The conference has sold out, although you might be lucky and get a ticket via the waitlist. If you do get to the conference you can book a 1-2-1 coaching session with me, included in your ticket. Just make sure you turn up early on the day to request a session as the slots always book up fast.

Chicago, 5 May – How Design Live Conference

Presentation: How to Handle Rejection and Criticism as a Creative 4.15pm Central Time

HOW Design Live is one of the biggest design conferences in the US, and I’m looking forward to speaking about handling rejection and criticism – familiar occupational hazards for creatives! – based on my book Resilience.

I’ll also be doing some 1-2-1 speed coaching sessions earlier on the same day.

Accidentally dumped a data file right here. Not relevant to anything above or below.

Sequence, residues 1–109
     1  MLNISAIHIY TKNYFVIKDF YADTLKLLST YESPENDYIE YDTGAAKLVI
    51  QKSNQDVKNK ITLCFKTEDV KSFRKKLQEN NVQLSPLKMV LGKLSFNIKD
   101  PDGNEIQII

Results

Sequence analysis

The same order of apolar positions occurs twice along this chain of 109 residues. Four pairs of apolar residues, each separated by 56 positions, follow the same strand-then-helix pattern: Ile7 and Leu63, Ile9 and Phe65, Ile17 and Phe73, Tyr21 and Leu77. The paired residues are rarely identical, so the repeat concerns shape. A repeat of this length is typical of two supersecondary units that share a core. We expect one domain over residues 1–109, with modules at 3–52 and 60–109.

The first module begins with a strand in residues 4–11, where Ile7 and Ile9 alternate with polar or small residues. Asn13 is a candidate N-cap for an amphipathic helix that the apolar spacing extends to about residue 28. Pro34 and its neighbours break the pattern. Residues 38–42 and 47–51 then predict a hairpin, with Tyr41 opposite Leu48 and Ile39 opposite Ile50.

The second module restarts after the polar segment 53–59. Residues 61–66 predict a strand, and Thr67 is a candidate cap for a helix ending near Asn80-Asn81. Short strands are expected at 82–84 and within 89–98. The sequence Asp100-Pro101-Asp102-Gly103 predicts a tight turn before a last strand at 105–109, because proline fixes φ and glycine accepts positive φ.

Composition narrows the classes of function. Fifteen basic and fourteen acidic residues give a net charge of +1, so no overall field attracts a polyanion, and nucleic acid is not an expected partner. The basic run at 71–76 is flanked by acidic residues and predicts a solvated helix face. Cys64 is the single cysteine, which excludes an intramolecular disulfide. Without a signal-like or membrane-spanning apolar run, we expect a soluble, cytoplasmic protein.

This is the second time I’ve spoken at HOW. Last time, in Boston a couple of years ago, I had a blast and made several people who have become good friends and collaborators, so I can vouch for the positive energy and networking potential. And the speaker lineup is always great – this year it includes Tom Peters, Michael Bierut, Simon Sinek, Maria Popova, Adrian Shaughnessy and Tina Roth Eisenberg.

There are still a few tickets left for HOW – if you can make it, it would be great to see you there.

After HOW I will be heading to a secret location in the States, to recharge and work on another behind-the-scenes project… As always, the people on my Creative Pathfinder mailing list will be the first to know about this and the other things I have in the pipeline for you. (You also get a free 26-week creative career course.)

Mark McGuinness is a poet and a coach for creative professionals. He is the author of Resilience: Facing Down Rejection and Criticism on the Road to Success, and Motivation for Creative People (forthcoming).